Word family adjective temporary adverb temporarily From Longman Dictionary of Contemporary Englishtemporarytem‧po‧ra‧ry /ˈtempərəri, -pəri $ -pəreri/ ●●● S3 W3 AWL adjective 1 TEMPORARYcontinuing for only a limited period of time OPP permanent temporary pain relief I’m living with my parents, but it’s only temporary. You might want to consider temporary work until you decide what you want to do. She was employed on a temporary basis.2 TEMPORARYintended to be used for only a limited period of time OPP permanent temporary accommodation The bridge was erected as a temporary measure. —temporarily /ˈtempərərəli $ ˌtempəˈrerəli/ adverb Due to a small fire, the office will be closed temporarily.THESAURUStemporary continuing for only a limited period of timeI’ve got a temporary office job, but I hope I’ll find something more permanent soon.I’m sure the problem is only temporary.temporary staffa temporary visaprovisional temporary – used especially about arrangements or information that people may decide to change in the future. Also used about licences or governments which are only arranged to last for a short timeDoes the hotel accept provisional bookings?They have set a provisional date for the next meeting.a provisional driving licenceIn June, the rebels claimed to have formed a provisional government.Provisional figures yesterday from the Department of Transport showed that 4,274 people were killed last year — 6 percent fewer than the previous year.stopgap [only before noun] temporary – used about something that you use for a short time until you can replace it with something better The Republicans will approve the one-month budget as a stopgap measure to keep the state operating. This is only a stopgap solution to the country’s debt problem.passing [only before noun] temporary – used about an interest, thought, or feeling that is short and not very seriousTonight’s game will be exciting, even to those with only a passing interest in the sport.As a student, I didn’t give working in finance even a passing thought.ephemeral formal existing or popular for only a short timethe ephemeral beauty of white snow on green trees and bare branchesMany new words, particularly slang, are fleeting and ephemeral.transient formal continuing for only a limited time, or staying somewhere for only a short time – used especially to say that something is always changing, or people only stay somewhere for a short timethe transient nature of lifetransient changes in the electrical properties of the neurons Arizona has a highly transient population.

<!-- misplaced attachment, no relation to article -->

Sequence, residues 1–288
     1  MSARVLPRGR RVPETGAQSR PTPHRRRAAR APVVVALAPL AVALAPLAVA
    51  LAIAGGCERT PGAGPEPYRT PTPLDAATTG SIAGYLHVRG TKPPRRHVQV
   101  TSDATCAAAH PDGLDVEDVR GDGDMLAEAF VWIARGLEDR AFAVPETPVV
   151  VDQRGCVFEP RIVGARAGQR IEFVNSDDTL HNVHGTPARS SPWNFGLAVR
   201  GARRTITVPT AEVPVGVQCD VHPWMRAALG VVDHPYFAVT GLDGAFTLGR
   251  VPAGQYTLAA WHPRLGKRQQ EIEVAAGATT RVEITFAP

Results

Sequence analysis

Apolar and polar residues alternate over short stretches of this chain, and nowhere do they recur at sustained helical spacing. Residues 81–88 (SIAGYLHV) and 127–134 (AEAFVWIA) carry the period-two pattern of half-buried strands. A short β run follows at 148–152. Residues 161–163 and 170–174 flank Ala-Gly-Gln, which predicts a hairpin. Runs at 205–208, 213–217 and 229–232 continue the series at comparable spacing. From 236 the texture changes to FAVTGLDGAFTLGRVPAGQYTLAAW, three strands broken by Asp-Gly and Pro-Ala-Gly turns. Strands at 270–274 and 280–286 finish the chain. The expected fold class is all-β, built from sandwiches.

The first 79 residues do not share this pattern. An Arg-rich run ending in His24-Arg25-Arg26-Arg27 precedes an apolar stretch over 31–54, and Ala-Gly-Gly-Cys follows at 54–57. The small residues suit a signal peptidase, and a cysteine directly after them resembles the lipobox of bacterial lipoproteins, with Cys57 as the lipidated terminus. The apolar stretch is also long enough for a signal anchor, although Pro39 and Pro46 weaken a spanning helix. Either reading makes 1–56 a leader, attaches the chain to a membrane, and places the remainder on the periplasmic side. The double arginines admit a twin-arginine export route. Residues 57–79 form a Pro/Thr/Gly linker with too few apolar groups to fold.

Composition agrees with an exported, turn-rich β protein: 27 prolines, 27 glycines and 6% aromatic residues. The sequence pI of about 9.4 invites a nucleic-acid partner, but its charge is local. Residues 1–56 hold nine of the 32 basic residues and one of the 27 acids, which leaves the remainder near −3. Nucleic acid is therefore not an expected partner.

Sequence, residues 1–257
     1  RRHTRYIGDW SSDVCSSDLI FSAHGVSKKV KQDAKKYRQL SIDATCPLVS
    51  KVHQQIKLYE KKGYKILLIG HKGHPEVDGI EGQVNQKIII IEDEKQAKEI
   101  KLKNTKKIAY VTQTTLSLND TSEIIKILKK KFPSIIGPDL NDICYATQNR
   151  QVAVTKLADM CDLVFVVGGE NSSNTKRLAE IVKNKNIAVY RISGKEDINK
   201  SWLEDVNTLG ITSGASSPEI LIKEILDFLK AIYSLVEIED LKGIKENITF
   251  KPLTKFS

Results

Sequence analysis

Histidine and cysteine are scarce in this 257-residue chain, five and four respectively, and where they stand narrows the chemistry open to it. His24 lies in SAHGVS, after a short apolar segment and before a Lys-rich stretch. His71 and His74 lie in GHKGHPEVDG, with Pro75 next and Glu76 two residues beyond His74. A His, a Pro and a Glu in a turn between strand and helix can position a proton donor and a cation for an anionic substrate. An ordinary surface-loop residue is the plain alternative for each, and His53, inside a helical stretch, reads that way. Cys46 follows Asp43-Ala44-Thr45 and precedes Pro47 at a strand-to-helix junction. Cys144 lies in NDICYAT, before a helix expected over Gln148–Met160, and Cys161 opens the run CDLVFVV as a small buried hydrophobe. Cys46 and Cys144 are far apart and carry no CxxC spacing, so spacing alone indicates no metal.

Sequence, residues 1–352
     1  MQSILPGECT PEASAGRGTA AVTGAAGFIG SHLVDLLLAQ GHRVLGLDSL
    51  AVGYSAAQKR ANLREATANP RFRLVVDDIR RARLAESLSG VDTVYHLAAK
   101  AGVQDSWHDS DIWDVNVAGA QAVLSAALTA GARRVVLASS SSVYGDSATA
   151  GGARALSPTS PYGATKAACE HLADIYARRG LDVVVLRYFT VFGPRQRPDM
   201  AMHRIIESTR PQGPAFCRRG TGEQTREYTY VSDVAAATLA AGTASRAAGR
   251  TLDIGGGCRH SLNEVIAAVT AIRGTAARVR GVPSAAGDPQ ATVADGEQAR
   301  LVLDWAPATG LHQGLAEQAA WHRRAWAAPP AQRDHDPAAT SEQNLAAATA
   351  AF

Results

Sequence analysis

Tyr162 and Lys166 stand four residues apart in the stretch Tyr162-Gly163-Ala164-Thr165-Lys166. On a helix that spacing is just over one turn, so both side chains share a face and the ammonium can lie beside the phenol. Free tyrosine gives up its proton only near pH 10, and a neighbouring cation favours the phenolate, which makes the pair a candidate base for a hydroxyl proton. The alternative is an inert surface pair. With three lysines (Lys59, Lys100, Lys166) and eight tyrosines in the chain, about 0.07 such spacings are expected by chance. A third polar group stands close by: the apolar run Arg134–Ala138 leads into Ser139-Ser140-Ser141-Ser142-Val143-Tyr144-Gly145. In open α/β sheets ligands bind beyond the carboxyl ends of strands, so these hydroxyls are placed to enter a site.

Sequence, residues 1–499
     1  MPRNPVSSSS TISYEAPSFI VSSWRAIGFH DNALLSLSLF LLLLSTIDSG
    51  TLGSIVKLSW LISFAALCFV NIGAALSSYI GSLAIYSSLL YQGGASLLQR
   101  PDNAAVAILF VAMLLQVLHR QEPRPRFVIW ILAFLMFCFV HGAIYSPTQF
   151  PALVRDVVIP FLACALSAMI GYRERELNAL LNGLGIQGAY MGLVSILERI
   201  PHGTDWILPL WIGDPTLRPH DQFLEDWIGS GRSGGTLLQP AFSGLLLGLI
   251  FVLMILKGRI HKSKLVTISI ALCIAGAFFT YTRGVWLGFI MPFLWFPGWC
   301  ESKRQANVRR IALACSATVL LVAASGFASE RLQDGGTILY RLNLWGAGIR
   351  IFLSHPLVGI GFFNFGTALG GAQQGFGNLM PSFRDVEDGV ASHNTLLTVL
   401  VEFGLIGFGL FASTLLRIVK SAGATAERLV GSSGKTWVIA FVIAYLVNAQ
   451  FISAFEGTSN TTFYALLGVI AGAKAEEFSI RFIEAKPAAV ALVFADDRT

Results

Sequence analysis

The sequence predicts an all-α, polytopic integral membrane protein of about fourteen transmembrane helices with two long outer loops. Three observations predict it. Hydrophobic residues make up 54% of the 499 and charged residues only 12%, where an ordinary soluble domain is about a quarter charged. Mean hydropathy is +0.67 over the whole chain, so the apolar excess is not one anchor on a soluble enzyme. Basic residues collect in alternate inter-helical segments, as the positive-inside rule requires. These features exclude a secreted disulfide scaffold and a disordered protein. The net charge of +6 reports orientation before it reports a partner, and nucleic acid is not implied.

Examples from the Corpustemporary• They're living in temporary accommodation at the moment.• Because of damage to their homes, many people had to stay in temporary accommodation for a few months.• It is estimated more than 2,000 people now sleep on London's streets and another 50,000 in various forms of temporary accommodation.• The doctor says the swelling is just temporary and should go down in a few days.• It was supposed to be temporary, but we used it for many months.• a temporary driver's license• temporary housing• In the summer of 1944 Burgess got a temporary job in the press department of the Foreign Office.• Ben's found a temporary job until November.• Pressing the F4 key creates an indented, temporary left margin.• I'm sure this is only a temporary problem.• Police were not interested in her marriage certificate, her permit to leave home or her temporary residence card for Zhuhai.• I've got a temporary secretarial job, but I'm hoping to find something more permanent.• Temporary shelters were hastily constructed as the refugees started to pour in.• France has agreed to a temporary suspension of military activities.• These arrangements are only intended to be temporary until an alternative is found.• Seizures are only temporary, with little in the way of problems between them.• There are always plenty of temporary workers available during the summer months.• Demand for temporary workers continues to rise.on a temporary basis• In addition, the Palacio de Velazquez would be made available to the Prado on a temporary basis.• Moses said, referring to its ability to host professional teams on a temporary basis.• The only justification for sub-contracting is if you need to hire in some specialist expertise on a temporary basis.• There is a vacant night-porter's job we might be able to fill on a temporary basis.• This could be achieved if solicitors were prepared to take young people into their offices on a temporary basis.• This was often done on a temporary basis at first, but usually the fences became permanent hedges or walls.• I caddied on a temporary basis for Nick in Los Angeles and in Kapalua.temporary measure• In either case the patient should be reassured that this is only a temporary measure.• Severn Trent has already introduced temporary measures at the site which will help improve the situation.• This elaborated temporary measures for implementing the planned sale of state-owned enterprises.• Although a temporary measure, it soon became apparent that rent control could not be abolished with the war's end.• The government is now operating under a temporary measure, or continuing resolution, that expires at the end of next week.• Thus this approach may be considered both safe and effective as a temporary measure to relieve stone related biliary obstruction.• But more likely they will just be a temporary measure until even better technologies arrive.• These paints should be considered a temporary measure until the cause of the damp has been found and cured.From Longman Business Dictionarytemporarytem‧po‧ra‧ry /ˈtempərəri, -pəri-pəreri/ adjectiveHUMAN RESOURCES1temporary contract/job/employment a contract, job etc that is only intended to continue for a short time, for example until a particular piece of work is finished2temporary employee/worker/staff an employee who is only employed for a short time, for example to do a particular piece of work → compare permanentOrigin temporary (1500-1600) Latin temporarius, from tempus “time”